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Day 1, Interview with Danielle Rosen

March 7, 2011

In light of International Women’s Day on March 8th, Guildess will be showcasing influential women who are making contributions to the visual arts. To start our five day celebration we have interviewed MIAD senior, Danielle Rosen who was selected as student curator of the InterContinental Milwaukee’s Gallery M.


1.  Explain your role as curator of Gallerie M at the InterContinental Milwaukee.

I am responsible for organizing exhibitions, which entails inviting artists who I respect to   participate, acting as a channel between the hotel and the artists and laying out the show or examining the relationship between works within the space.
Also, part of my responsibility is educational.  Having a dialogue about the work with those who “don’t know anything about art,” is really important to me.  I don’t want the exhibitions to be inaccessible and thats something that I’m still trying to learn.  Art shouldn’t be pretentious and our audience shouldn’t be isolated to a small faction of the community.

2.  Why did you select artists Pedro Velez and Kate Brandt for your most recent show, “Hyperbole?”

Selecting artists that fit within the context of the InterContinent al in a precarious way and asking two artists that I had always wanted to
see work together but who had never collaborated (or met) was the impetus for my selections.
Kate Brandt and Pedro Velez deal with ideas of celebrity and politics in different, almost contradictory ways.  Brandt’s ideas are more art specific and Velez’s are much broader, so I wanted to see how those ideas could converge.  Also, both artists are speaking from a critical standpoint that I thought could complicate ideas of the artists’ position in society and the function of art versus popular notions of art making.

3.  How do you make the distinction between yourself as an artist and yourself as a curator?

Honestly, I don’t really consider myself to be a curator, the title just happens to fit the shoes that I’m filling at the moment.  There are a few curators in the city who have very clear ideas of what an exhibition is and should do, a clear curatorial vision or intent.  Casually adopting that title makes me feel as though I’m slighting those curators who have developed countless exhibitions with years of research.  That said, I have certain expectations of art and those are embedded within my selections but are borne out of my experience as a student and artist, not as a curator.  I’ve tried to tame some of biases by inviting artists with a range of practices from painting, to wearables, and sandwich making.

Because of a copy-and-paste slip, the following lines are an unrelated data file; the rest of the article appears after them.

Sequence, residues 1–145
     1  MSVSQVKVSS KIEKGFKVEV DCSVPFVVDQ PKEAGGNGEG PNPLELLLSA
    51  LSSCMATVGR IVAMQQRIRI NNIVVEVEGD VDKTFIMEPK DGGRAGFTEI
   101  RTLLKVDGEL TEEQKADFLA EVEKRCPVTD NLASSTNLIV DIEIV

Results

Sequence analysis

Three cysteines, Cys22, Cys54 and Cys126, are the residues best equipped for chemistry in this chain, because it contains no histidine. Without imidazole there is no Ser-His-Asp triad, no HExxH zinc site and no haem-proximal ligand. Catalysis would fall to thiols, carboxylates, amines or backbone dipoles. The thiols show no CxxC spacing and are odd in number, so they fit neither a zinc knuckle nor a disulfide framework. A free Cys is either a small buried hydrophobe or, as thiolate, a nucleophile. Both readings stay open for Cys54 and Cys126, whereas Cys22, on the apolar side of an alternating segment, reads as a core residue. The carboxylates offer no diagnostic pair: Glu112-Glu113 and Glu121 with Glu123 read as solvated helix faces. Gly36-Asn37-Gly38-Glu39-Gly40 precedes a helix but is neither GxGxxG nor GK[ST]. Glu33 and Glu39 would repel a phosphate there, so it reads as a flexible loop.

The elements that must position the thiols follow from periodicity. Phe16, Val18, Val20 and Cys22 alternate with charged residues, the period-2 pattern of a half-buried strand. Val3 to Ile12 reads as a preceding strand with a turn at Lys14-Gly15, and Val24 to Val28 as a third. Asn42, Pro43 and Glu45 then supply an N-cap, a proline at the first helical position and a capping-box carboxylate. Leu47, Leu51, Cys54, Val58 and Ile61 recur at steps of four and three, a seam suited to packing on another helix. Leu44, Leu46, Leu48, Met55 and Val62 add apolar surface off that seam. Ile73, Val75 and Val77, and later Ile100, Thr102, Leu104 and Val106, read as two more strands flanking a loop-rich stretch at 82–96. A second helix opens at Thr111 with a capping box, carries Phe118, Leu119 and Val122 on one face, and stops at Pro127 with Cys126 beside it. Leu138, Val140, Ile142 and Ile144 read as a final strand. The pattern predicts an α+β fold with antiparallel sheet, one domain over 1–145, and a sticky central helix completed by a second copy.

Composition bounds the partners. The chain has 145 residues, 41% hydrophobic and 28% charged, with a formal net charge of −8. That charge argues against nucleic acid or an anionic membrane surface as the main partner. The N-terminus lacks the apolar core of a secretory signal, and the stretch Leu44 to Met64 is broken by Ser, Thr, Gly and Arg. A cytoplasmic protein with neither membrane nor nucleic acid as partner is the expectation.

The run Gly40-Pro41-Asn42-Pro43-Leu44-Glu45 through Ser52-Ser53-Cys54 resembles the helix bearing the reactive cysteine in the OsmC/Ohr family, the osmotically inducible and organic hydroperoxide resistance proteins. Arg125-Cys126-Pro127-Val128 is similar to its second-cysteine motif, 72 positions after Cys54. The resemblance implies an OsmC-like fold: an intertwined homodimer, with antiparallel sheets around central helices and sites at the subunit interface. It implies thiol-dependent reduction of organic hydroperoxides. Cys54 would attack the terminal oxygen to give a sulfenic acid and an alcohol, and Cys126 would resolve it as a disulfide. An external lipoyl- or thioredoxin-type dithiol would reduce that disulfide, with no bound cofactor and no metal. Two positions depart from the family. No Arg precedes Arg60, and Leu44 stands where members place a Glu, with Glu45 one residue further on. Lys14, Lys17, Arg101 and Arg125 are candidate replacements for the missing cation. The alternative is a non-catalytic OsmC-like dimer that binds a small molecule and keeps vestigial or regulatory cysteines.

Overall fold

4.  Describe your current body of work.

I’ve developed a pseudo-scientific research organization called the Institute for Species Systemization.   Through the ISS, the head reseracher, Patricia Rose (a pseudonym or persona) conducts experiments that examine ideas of species, semiotics and the psycholinguistics of interspecies relationships.  For more information about the ISS or to contact Patricia Rose, please visit our website at: www.instituteforspeciessystemization.org

5.  Has your artwork been influenced by your experiences working for Milwaukee galleries such as Dean Jensen, or the Green Gallery East?

My understanding of galleries, preparatory work, the art economic system and my knowledge of artists has expanded as a result of working within those galleries.  All are vital in terms of how you model your practice and the choices that you make as an artist regarding your position within the art world.  I’m not sure if I can specifically point to ways in which my artwork itself has been altered by these experiences, but my general experience and critical view of art has been affected which of course affects my practice.


6.  What are your aspirations or goals after your partnership with the InterContinental is over?

Attending graduate school will be my next step after MIAD and my position at the InterContinental.  I’m looking forward to working within a new academic environment that is interdisciplinary and challenges my ideas from a different intellectual perspective.
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